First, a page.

There is a lovely tradition among ladies in England that I’ve read about for years. I have noticed their handiwork, though I’d never actually seen the hands that produced it. Until Saturday that is, when we visited the village of Bibury in the early morning. We wandered down a sunny lane shouldered with mossy stone walls and found our way into a churchyard planted with roses and ancient cedars. We were greeted by a matronly villager with a pail of water, and exchanged remarks about the perfection of the day. The church loomed above us, in all its medieval glory.
Stepping inside, we were greeted with this–and I had a premonition.
We entered the inner doorway, I glanced around, and there she was. Just placing a perfect crisp chrysanthemum with the hands that cultivated it, the rays of light frosting her hair and highlighting her delicate arms. Isn’t she beautiful?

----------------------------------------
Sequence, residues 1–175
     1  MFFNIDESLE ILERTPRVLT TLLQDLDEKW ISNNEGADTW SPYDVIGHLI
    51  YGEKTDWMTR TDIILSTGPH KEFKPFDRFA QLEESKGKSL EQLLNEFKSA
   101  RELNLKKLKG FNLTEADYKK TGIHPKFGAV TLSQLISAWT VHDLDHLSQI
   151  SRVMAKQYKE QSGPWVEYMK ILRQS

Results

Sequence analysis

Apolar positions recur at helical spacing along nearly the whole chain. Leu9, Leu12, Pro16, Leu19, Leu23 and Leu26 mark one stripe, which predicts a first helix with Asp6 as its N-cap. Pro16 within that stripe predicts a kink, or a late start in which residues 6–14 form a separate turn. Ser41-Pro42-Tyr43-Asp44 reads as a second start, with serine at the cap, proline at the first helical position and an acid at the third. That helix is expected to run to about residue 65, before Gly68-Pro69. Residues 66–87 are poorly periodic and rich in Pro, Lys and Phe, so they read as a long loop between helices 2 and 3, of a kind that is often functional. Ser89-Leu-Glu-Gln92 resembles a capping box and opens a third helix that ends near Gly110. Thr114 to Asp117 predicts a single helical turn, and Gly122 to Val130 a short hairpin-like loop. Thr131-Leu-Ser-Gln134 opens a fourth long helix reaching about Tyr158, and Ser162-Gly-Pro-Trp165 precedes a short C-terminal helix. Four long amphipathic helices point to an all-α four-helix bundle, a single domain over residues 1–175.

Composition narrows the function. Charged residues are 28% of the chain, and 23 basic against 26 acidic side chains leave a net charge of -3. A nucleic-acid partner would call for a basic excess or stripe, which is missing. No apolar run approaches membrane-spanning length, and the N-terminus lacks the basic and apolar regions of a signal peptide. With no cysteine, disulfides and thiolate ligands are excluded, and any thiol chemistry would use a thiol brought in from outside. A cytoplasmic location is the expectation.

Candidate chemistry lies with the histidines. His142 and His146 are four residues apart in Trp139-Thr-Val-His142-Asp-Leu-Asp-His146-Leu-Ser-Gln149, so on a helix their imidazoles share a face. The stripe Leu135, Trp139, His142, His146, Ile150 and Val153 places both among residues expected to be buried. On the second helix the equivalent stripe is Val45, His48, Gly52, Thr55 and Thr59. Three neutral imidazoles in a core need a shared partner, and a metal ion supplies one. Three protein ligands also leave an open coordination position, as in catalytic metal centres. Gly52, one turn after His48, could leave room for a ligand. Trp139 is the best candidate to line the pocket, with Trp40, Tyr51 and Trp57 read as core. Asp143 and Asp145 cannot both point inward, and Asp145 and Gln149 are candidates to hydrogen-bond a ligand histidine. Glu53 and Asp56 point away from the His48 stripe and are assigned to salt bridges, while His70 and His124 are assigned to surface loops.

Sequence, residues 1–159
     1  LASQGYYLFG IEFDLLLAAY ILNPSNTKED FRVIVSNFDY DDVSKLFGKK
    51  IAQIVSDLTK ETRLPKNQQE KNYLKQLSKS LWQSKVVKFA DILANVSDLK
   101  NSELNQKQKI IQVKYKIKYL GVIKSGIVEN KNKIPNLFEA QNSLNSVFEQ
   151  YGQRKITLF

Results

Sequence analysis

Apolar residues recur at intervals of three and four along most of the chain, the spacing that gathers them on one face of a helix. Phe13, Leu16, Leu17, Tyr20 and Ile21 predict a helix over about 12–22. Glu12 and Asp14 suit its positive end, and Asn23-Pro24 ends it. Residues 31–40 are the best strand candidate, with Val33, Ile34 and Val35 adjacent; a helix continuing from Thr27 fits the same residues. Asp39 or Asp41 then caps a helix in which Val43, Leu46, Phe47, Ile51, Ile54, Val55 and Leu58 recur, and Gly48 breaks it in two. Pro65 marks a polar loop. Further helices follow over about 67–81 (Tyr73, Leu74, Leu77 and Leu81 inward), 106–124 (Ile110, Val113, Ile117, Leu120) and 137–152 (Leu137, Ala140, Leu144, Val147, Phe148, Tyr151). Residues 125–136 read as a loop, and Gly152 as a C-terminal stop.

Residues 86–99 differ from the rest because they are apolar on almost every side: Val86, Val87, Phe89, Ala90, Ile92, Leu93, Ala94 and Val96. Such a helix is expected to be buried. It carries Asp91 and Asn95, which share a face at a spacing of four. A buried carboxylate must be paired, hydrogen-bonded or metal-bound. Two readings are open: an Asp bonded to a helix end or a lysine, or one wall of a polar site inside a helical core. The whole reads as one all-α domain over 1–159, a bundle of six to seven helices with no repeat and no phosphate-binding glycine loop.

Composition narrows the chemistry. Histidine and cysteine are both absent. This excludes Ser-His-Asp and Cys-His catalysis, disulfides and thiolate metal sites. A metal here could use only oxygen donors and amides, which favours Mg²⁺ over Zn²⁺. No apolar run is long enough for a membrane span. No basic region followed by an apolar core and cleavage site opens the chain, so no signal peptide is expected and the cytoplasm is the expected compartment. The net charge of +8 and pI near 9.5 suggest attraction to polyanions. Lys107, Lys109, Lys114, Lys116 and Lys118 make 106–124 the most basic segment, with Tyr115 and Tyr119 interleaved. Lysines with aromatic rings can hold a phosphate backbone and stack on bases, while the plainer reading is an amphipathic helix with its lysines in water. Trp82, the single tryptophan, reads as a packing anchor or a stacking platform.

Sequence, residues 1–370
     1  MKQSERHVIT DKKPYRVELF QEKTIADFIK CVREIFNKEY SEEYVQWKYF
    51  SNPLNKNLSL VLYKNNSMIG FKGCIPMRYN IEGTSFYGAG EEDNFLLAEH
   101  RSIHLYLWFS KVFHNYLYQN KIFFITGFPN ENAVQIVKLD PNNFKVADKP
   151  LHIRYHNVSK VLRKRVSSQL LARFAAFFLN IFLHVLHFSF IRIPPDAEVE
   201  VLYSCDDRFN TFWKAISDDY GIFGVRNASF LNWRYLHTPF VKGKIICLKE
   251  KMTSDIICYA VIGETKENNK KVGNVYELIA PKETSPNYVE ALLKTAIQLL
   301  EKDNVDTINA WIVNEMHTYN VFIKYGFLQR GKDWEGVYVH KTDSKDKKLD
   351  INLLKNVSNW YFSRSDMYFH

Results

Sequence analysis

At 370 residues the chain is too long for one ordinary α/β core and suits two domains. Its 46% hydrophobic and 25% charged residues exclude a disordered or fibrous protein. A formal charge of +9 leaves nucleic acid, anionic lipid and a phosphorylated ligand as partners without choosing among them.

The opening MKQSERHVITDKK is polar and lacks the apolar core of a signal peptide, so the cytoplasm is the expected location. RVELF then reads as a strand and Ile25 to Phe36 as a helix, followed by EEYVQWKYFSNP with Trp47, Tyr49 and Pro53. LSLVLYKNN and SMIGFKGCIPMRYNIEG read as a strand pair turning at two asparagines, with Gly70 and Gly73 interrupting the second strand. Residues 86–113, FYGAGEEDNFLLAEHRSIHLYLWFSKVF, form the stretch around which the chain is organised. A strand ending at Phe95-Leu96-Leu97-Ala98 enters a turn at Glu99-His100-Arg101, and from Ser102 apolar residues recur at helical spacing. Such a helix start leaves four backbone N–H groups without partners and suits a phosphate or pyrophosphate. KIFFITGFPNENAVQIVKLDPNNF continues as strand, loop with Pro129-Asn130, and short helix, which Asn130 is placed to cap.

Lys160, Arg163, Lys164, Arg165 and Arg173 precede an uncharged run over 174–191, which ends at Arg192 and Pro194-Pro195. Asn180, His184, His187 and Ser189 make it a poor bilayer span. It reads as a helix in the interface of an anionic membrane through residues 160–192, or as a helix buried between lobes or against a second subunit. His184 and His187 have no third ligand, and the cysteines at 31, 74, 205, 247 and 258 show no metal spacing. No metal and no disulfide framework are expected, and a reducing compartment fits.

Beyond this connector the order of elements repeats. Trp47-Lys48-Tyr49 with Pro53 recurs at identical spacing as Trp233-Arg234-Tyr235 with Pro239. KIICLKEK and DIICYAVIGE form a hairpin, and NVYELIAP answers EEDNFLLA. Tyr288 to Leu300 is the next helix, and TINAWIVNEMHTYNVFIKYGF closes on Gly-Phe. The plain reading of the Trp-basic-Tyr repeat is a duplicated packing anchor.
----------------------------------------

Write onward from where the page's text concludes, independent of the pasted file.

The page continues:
Around font and altar, in niches and window sills, I saw their work. Blooms and branches and vines, beautifully arranged. Virginia creeper, turning crimson because it is now October. Mums and hardy daisies, the last flowers of the summer. What a lovely idea, to bring the beauty from one’s garden and decorate the place where we worship its Maker.
They are the ladies that “do the flowers” in the church.